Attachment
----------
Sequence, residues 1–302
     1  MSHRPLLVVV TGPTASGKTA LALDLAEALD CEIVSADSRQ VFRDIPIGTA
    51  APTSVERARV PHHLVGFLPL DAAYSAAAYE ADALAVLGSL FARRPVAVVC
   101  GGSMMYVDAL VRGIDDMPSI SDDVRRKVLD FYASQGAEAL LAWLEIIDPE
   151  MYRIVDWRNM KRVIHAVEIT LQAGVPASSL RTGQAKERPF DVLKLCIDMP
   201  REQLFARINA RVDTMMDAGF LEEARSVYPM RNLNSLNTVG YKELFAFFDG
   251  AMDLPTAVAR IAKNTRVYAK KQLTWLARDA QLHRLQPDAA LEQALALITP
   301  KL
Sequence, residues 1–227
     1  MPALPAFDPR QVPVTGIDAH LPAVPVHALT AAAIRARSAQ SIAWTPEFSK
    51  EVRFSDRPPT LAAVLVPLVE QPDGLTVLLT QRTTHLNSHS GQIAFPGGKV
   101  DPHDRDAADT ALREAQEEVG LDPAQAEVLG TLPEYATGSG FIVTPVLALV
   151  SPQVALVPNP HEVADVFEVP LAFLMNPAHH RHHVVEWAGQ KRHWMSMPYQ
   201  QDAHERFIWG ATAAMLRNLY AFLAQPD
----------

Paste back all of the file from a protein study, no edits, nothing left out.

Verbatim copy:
Sequence, residues 1–302
     1  MSHRPLLVVV TGPTASGKTA LALDLAEALD CEIVSADSRQ VFRDIPIGTA
    51  APTSVERARV PHHLVGFLPL DAAYSAAAYE ADALAVLGSL FARRPVAVVC
   101  GGSMMYVDAL VRGIDDMPSI SDDVRRKVLD FYASQGAEAL LAWLEIIDPE
   151  MYRIVDWRNM KRVIHAVEIT LQAGVPASSL RTGQAKERPF DVLKLCIDMP
   201  REQLFARINA RVDTMMDAGF LEEARSVYPM RNLNSLNTVG YKELFAFFDG
   251  AMDLPTAVAR IAKNTRVYAK KQLTWLARDA QLHRLQPDAA LEQALALITP
   301  KL
Sequence, residues 1–227
     1  MPALPAFDPR QVPVTGIDAH LPAVPVHALT AAAIRARSAQ SIAWTPEFSK
    51  EVRFSDRPPT LAAVLVPLVE QPDGLTVLLT QRTTHLNSHS GQIAFPGGKV
   101  DPHDRDAADT ALREAQEEVG LDPAQAEVLG TLPEYATGSG FIVTPVLALV
   151  SPQVALVPNP HEVADVFEVP LAFLMNPAHH RHHVVEWAGQ KRHWMSMPYQ
   201  QDAHERFIWG ATAAMLRNLY AFLAQPD